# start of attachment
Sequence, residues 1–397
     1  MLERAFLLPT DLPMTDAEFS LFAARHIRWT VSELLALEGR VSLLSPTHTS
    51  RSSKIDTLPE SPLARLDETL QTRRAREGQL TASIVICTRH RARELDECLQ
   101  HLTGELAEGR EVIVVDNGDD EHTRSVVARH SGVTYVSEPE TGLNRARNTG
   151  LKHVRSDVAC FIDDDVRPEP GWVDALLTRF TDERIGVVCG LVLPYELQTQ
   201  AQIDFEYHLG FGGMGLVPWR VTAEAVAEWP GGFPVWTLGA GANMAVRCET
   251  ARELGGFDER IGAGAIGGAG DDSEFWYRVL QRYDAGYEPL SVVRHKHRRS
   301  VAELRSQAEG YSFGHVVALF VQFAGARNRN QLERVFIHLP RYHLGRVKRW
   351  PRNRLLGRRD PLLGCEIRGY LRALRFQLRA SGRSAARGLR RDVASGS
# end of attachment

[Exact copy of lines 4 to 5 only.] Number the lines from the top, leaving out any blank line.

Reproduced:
   101  HLTGELAEGR EVIVVDNGDD EHTRSVVARH SGVTYVSEPE TGLNRARNTG
   151  LKHVRSDVAC FIDDDVRPEP GWVDALLTRF TDERIGVVCG LVLPYELQTQ